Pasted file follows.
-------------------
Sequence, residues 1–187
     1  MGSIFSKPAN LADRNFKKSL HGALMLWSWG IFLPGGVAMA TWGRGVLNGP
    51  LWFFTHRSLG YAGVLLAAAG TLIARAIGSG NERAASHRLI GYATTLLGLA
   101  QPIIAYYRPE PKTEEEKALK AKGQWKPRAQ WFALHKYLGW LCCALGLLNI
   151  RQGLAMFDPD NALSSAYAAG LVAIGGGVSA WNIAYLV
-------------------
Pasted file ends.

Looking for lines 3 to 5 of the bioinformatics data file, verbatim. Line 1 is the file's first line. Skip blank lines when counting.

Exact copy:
    51  LWFFTHRSLG YAGVLLAAAG TLIARAIGSG NERAASHRLI GYATTLLGLA
   101  QPIIAYYRPE PKTEEEKALK AKGQWKPRAQ WFALHKYLGW LCCALGLLNI
   151  RQGLAMFDPD NALSSAYAAG LVAIGGGVSA WNIAYLV